• The predominant Euro-American historiography of the human rights regime tends to trace “a direct line of descent from the American Declaration of Independence and the 1789 French Déclaration des droits de l’homme et du citoyen to the 1948 Universal Declaration of Human Rights (UDHR) and the completion of the International Bill of Human Rights, with the late entry into force in 1976 of the International Covenant on Economic, Social and Cultural Rights (ICESCR) and the International Covenant on Civil and Political Rights (ICCPR),” as indicated by Joseph Slaughter. The bogotano Antonio Nariño’s translation and circulation of the “Declaration of the Rights of Man” fits neatly into this narrative. How can this historiography be interrogated through different local and regional narratives? What are alternative perspectives, sources, and (micro)histories—from Colombia and the Global South—of the creation and evolution of the human rights discourse?

• How do the metaphorical three generations of human rights—civil and political rights; economic, social, and cultural rights; and solidarity rights—manifest themselves in Colombian contexts and how are these prioritized in different ways? How does Colombian cultural production reflect, enact, or embody the collective rights of different groups (indigenous, Afro-descendants, LGBTQ, and other communities), and what is the role of such production in the interstices among rights, laws, and social justice in the wake of the Colombian Constitution of 1991 and subsequent national and international laws, decrees, and covenants aimed at protecting specific populations.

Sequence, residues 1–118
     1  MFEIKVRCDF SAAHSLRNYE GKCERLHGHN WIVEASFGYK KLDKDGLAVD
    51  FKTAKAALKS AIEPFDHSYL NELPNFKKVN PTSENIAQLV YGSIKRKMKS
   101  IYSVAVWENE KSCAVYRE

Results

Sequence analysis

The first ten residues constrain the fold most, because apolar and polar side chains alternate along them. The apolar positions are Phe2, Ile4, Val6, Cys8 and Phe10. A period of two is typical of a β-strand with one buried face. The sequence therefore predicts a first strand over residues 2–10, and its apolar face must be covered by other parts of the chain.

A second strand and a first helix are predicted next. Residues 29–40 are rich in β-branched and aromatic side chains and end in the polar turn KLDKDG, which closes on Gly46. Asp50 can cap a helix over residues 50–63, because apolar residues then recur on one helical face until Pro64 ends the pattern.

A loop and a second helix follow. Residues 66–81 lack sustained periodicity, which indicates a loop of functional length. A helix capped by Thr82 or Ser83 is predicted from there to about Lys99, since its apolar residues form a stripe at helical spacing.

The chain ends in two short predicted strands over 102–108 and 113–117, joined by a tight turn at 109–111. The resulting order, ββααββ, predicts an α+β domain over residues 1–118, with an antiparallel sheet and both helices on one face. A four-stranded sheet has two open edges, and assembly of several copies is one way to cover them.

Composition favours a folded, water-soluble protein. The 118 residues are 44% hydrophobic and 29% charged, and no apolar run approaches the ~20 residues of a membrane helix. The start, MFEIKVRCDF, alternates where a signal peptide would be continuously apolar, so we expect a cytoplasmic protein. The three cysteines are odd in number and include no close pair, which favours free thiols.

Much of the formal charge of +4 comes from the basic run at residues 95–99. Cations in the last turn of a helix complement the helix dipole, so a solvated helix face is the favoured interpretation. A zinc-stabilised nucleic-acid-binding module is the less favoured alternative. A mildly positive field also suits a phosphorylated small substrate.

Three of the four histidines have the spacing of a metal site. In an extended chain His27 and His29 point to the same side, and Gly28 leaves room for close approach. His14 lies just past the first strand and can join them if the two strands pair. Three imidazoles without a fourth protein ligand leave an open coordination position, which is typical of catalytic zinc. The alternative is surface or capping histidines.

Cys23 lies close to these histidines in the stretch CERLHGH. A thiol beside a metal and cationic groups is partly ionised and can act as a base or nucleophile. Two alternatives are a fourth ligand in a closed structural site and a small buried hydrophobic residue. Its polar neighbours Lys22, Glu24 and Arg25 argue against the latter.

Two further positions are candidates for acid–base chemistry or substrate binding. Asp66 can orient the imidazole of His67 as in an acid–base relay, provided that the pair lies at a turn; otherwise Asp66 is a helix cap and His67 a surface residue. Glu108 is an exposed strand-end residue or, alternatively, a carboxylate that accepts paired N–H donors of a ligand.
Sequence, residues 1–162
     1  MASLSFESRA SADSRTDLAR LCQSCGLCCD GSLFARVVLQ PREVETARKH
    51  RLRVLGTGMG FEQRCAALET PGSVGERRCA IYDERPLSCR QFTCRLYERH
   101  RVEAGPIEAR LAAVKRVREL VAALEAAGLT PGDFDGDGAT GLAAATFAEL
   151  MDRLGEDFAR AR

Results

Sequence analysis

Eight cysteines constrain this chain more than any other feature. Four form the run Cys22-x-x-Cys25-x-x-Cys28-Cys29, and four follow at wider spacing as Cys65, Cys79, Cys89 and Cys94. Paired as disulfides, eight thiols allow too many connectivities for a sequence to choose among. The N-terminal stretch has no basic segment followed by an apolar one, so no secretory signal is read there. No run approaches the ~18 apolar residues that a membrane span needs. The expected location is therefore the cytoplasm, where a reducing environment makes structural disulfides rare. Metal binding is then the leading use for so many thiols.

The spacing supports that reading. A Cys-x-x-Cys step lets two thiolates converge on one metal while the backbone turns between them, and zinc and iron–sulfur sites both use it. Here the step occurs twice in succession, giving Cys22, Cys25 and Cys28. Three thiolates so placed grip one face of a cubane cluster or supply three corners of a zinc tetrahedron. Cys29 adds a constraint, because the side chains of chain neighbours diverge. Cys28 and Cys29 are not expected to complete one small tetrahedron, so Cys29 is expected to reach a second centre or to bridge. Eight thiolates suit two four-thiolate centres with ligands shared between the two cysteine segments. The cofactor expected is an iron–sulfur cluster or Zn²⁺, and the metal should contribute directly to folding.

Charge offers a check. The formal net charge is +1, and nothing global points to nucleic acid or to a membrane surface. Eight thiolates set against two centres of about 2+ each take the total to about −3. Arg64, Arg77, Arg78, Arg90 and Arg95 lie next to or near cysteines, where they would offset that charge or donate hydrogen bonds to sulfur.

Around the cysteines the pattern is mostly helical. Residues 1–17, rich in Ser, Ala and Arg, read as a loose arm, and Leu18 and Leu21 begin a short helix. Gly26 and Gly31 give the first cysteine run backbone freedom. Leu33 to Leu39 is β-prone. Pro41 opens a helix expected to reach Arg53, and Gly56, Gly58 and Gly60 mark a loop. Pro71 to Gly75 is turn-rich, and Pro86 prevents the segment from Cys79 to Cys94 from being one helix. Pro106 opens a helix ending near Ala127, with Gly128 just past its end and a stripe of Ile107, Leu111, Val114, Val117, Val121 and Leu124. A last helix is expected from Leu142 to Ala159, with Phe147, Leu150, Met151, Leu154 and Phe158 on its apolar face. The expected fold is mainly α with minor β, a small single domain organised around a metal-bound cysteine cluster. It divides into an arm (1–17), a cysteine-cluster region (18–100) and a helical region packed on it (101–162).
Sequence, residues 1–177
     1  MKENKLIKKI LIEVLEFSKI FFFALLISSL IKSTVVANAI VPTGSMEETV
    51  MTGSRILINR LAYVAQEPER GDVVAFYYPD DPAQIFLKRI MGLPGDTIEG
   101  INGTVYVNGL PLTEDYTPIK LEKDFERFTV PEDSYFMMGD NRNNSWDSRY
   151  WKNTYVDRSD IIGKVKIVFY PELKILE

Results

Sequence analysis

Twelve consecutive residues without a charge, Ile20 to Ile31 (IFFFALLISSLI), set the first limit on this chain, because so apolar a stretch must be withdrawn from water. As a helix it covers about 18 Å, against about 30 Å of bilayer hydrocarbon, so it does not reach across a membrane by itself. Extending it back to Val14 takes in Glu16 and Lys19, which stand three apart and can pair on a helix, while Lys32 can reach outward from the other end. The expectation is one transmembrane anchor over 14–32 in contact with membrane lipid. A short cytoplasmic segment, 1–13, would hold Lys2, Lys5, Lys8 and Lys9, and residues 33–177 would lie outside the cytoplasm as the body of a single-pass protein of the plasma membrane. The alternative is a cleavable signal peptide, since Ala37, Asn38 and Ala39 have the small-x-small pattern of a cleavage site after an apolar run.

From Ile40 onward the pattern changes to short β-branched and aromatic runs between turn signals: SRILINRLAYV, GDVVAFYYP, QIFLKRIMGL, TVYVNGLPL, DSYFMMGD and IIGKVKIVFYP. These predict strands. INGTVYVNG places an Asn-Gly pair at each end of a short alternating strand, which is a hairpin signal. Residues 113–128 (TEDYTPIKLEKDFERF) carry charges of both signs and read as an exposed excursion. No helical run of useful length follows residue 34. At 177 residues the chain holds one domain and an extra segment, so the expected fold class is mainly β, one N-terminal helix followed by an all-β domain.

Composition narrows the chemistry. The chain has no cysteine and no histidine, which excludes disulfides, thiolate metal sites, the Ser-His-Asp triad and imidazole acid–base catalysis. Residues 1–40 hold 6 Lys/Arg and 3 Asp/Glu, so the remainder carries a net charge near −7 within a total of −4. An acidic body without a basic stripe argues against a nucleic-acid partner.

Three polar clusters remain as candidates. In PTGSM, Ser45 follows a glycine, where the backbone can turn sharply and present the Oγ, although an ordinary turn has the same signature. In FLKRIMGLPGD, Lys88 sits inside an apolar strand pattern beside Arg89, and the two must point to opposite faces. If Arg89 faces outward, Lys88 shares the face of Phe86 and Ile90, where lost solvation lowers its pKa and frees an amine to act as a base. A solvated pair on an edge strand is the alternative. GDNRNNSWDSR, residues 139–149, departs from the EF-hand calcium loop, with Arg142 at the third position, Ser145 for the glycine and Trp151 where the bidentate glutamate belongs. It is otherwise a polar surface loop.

• While human rights arguably have become the hegemonic language of human dignity, the majority of the world population is not subject of human rights but rather objects of human rights discourses (de Sousa Santos). What are alternative grammars and articulations of human dignity in the Colombian context, and to what degree are they compatible or incompatible with the language of human rights? Within the current paradigm of neoliberalized individual human rights, what are the possibilities for pluriversal imaginations and relational and communal modes of knowing, being, and doing (Escobar); what are other (re)configurations of human subjectivity in relation to the body, the animal, personhood, and the political (Esposito); and how are theories of capabilities (Sen and Nussbaum) applied in different local, regional, and national settings? How does the human rights discourse interface with notions of environmental and ecological justice, especially, in the face of global climate change, regional (neo)extractivism, the implementation of megaprojects, and post-conflict (re)appropriations of land? What are different ways of articulating the human rights subject in relation to land, the natural world, and the non-human?

This volume focuses on Colombian cultural production in relation to the human rights discourse and practice. Multidisciplinary and comparative approaches are welcome, and a wide range of cultural production may be examined including literary texts, film, theater, performance, plastic arts, music, and other modalities and repertoires of aesthetic and symbolic expression. To propose an original, unpublished article for this volume, please send the following items in a Word document to the co-editors: name, e-mail, institutional affiliation, article title, and a 600-750-word summary.

- Deadline for submission of proposals – August 15, 2019
- Notice to proposal submitters of selection for the prospectus – September 30, 2019
- Final articles due – May 15, 2020

Kevin Guerrieri,, University of San Diego
Carlos Gardeazábal Bravo, (or, Loyola University Maryland